A concrete example

There’s an article in the current issue of New Scientist about this fantastic new type of concrete being made right here in ol’ Melbourne town.

It is essentially concrete without Portland cement. The stuff is called ‘e-crete’ (my goodness words with randomly added e’s at the beginning annoy me) and it is made by a company called Zeobond. Instead of regular cement it uses fly ash or mineralogical slags for the required bonding of the concrete. The problem with cement is that to make it you need to cook the hell out of limestone (calcium carbonate), which not only requires a huge amount of energy, but the chemical reaction that occurs when you cook the limestone results in not only the quicklime (calcium oxide) that you need for the cement, but carbon dioxide, which as well all know is a greenhouse gas.

Cement production worldwide accounts for about 4-5% of total man made greenhouse gas emissions. For each kilogram of cement produced, approximately 800 grams of carbon dioxide is released into the atmosphere with the majority of this, about 500 grams, coming from the actual chemical reaction itself and the rest from fossil fuels used to provide the heat to drive the reaction.

But the Zeobond stuff uses geopolymers (like fly ash) instead of Portland cement, which don’t release anywhere near the amount of carbon dioxide and don’t require heating either, hurrah!

Unfortunately you can’t specify this for a slab just yet. At the moment e-crete is only able to be used in non-structural applications. Still, it’s something to look out for in the (hopefully near) future.


6 Responses to A concrete example

  1. lauren says:

    and while e-crete’s a pretty bad name, they could’ve done worse and called it C-crete.

  2. markham says:

    Its possible that e-crete is a flawed piece of thinking.
    The geopolymer fly ash is not replacement of an “ungreen” material with a “green” one.
    Its the sequestration of waste produced by the steel industry.
    Its a filler in the concrete or landfill for the steel industry.
    It does improve the strength of the concrete as its filling it with metal but only up to limits.
    It does not replace the cement – the cement is the key “villain” in concrete in terms of energy use to manufacture. It is in fact a carbon offset – and carbon offset principles are not necessarily at this time aligned with reuse/recycling principles.
    The steel industry needs to clean up to produce less or no fly ash – which to an extent they are doing. The concrete industry needs to examine the sources of its energy for the production of cement – or find a fundamentally new process/material to replace cement.

    The question for geopolymers is do they allow the concrete to be recycled 100% into more concrete creating a cradle to cradle loop. Given that they are inorganic this may not be so,

  3. boffin says:

    markham, I think you missed the point. According to their website, they make concrete without using any portland cement. Geopolymers are a different type of binder that does not use cement at all.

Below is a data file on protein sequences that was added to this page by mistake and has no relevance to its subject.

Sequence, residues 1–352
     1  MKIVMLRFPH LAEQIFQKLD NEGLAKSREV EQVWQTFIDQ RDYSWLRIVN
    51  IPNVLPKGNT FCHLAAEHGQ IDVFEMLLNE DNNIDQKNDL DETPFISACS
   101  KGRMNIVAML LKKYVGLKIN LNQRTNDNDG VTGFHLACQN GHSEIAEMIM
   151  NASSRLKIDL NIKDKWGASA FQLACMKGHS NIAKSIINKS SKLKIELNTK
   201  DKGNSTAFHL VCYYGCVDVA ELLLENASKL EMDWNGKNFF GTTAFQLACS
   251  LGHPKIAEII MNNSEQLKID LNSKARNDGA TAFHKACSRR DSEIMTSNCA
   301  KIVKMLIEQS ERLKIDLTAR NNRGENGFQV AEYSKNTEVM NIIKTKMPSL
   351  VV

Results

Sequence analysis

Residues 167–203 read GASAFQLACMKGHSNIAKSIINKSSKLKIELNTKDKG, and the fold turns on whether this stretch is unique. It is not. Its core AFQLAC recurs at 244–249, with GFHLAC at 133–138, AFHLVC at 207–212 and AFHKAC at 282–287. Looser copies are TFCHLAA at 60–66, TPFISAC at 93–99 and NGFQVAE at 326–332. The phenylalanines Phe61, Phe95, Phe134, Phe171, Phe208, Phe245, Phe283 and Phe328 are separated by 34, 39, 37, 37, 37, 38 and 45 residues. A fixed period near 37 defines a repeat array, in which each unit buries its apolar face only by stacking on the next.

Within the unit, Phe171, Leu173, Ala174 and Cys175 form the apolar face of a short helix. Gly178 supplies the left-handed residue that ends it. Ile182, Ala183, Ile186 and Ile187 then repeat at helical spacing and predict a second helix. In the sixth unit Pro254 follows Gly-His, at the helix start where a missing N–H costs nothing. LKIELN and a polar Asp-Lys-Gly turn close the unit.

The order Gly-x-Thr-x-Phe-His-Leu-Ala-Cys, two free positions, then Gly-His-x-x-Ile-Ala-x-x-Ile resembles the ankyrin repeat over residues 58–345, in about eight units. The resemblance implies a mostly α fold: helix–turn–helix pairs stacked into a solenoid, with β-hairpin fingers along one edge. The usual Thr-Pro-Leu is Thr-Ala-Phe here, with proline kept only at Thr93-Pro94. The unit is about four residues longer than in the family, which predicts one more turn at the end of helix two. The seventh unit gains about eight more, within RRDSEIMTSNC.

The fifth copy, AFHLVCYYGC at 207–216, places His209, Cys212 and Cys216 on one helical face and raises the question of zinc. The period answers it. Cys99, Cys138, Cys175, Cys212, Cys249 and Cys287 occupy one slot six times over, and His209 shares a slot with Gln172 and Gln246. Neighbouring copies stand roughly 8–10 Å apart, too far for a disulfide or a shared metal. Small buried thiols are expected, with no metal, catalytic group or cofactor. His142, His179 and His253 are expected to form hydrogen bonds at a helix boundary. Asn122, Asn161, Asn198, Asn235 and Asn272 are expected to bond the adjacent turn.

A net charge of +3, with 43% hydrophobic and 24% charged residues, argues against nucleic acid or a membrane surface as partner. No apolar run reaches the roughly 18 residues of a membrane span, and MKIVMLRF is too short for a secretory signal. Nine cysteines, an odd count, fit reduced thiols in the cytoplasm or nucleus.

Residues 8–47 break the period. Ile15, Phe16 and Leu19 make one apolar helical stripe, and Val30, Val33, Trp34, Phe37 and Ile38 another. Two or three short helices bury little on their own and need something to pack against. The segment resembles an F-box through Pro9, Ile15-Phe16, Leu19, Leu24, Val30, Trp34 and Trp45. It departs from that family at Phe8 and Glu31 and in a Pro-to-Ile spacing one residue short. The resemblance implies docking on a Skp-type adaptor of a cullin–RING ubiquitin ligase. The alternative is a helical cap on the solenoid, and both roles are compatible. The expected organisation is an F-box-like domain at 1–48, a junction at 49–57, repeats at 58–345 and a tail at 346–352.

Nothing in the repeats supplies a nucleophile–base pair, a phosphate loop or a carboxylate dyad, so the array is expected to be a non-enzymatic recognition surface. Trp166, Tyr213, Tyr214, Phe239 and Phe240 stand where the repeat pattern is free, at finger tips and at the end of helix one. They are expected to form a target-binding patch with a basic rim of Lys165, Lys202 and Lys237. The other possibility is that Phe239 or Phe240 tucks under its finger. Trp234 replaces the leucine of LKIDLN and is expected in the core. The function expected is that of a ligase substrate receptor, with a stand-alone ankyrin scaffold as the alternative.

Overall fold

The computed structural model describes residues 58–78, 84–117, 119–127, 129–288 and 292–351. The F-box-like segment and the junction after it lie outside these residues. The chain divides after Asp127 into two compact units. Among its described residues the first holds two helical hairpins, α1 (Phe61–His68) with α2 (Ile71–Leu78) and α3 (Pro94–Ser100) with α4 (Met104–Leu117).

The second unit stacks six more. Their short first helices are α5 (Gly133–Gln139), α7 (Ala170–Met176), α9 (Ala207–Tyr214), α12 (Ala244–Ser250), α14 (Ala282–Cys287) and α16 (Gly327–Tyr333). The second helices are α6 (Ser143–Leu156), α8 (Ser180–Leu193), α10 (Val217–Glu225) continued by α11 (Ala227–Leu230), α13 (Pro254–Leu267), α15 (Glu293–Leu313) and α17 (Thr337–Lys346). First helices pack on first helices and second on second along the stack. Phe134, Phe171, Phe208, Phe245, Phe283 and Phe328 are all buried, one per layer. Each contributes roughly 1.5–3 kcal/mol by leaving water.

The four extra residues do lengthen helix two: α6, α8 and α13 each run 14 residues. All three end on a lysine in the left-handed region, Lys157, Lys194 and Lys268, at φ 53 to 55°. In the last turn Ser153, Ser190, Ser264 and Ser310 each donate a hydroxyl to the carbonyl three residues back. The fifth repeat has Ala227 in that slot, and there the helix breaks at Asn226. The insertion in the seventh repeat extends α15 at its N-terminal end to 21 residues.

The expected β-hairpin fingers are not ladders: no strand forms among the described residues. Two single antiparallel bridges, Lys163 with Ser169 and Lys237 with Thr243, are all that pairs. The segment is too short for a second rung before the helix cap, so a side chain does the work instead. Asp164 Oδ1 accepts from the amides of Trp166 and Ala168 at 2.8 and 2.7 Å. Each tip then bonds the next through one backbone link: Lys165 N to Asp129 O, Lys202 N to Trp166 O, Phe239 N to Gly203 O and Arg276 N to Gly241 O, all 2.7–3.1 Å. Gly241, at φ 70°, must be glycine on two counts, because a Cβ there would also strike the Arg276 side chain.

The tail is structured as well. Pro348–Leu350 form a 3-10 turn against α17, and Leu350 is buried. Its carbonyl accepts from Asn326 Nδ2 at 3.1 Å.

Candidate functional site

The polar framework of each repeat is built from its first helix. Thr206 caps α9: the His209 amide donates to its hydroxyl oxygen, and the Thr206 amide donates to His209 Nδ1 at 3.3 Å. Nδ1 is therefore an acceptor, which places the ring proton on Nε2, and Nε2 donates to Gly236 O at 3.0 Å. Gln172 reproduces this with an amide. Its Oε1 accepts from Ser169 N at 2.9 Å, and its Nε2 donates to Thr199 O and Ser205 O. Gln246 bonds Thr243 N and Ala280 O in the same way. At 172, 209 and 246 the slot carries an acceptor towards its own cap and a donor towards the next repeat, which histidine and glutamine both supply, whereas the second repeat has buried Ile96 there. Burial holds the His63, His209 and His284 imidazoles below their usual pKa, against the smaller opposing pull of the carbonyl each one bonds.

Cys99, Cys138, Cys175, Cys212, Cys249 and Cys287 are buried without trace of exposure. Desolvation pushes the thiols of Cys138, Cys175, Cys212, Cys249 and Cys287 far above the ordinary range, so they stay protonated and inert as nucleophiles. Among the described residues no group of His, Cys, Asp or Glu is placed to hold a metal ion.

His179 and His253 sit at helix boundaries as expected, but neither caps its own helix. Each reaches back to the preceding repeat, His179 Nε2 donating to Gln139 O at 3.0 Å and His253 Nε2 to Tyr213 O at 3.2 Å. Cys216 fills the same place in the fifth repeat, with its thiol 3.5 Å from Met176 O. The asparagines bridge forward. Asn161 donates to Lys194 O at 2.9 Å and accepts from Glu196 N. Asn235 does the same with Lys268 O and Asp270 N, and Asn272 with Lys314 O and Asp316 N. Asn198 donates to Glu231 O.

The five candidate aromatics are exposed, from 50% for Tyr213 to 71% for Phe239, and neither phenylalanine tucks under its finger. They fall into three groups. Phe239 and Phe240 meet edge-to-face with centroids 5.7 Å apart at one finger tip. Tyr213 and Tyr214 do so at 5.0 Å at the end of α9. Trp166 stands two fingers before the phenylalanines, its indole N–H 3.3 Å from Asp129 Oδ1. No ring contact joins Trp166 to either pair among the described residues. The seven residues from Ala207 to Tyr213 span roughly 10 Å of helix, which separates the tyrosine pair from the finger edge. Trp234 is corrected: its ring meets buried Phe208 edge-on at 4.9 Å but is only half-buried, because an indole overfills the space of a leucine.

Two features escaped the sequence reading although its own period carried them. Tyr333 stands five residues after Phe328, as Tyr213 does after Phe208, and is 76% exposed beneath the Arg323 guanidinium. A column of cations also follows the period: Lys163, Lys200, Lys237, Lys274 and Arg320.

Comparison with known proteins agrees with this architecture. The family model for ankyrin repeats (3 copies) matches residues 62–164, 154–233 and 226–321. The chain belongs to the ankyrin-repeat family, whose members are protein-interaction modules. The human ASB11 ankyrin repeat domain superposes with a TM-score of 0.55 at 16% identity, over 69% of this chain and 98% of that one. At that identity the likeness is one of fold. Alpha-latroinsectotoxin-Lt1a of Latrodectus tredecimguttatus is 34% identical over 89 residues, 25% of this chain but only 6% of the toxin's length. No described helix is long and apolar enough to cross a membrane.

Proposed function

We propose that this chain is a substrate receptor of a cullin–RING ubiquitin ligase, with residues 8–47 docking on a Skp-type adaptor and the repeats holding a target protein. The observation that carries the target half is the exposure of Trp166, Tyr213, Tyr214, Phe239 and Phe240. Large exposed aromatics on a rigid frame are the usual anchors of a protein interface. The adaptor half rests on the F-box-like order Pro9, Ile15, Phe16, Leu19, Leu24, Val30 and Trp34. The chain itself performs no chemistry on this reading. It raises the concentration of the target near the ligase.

secondly, inorganic materials can be reused… um.. ah… like glass maybe! I think you need to do a little more thinking yourself!

  4. ari says:

    i agree that it would be best if fly ash didn’t exist in the first place, but seeing as it does recycling it seems a better option than just dumping it. this e-crete stuff doesn’t HAVE to use fly ash though, it is simply a good source of aluminosilicate, which it does need and which can be gotten out of rocks. far better to recycle something than mine for it.

    also, cradle to cradle is a great philosophy, but nothing that is recycled will be 100% the same materials as it was before. if you recycled something and the resulting product was the same exact weight as the original item, you would have a perpetual motion machine which is impossible because it would necessitate a breach of the second law of thermodynamics.

  5. markham says:

    I don’t do any thinking boffin.
    I’m not certain I said inorganic materials can’t be recycled.
    I looked again at my comment!!??
    But I know asked a question.
    The question is still unanswered here or anywhere else I’ve looked.
    Traditional concrete is 100% recyclable into itself – just like your obvious example of glass.
    What is interesting about both of them is they are simple materials – well understood chemically and they don’t sequester waste from other processes which can result in possibly perverse interdependencies. I’m a purist – I put that down to not being educated in Melbourne.

    There are issues, granted, with traditional concrete in terms of the amount/type of energy that has to be employed to make portland cement. Thats not an impossible hurdle to jump – and it strikes me that jumping that hurdle is fundamental to a lot of materials – not just concrete. Think Steel, think aluminium.

    I remain a skeptic, rather than a spruiker of E-crete – until its proven to me that I’m not putting a material into a building that a future generation cannot remanufacture or recycle into itself or return safely to the biosphere.

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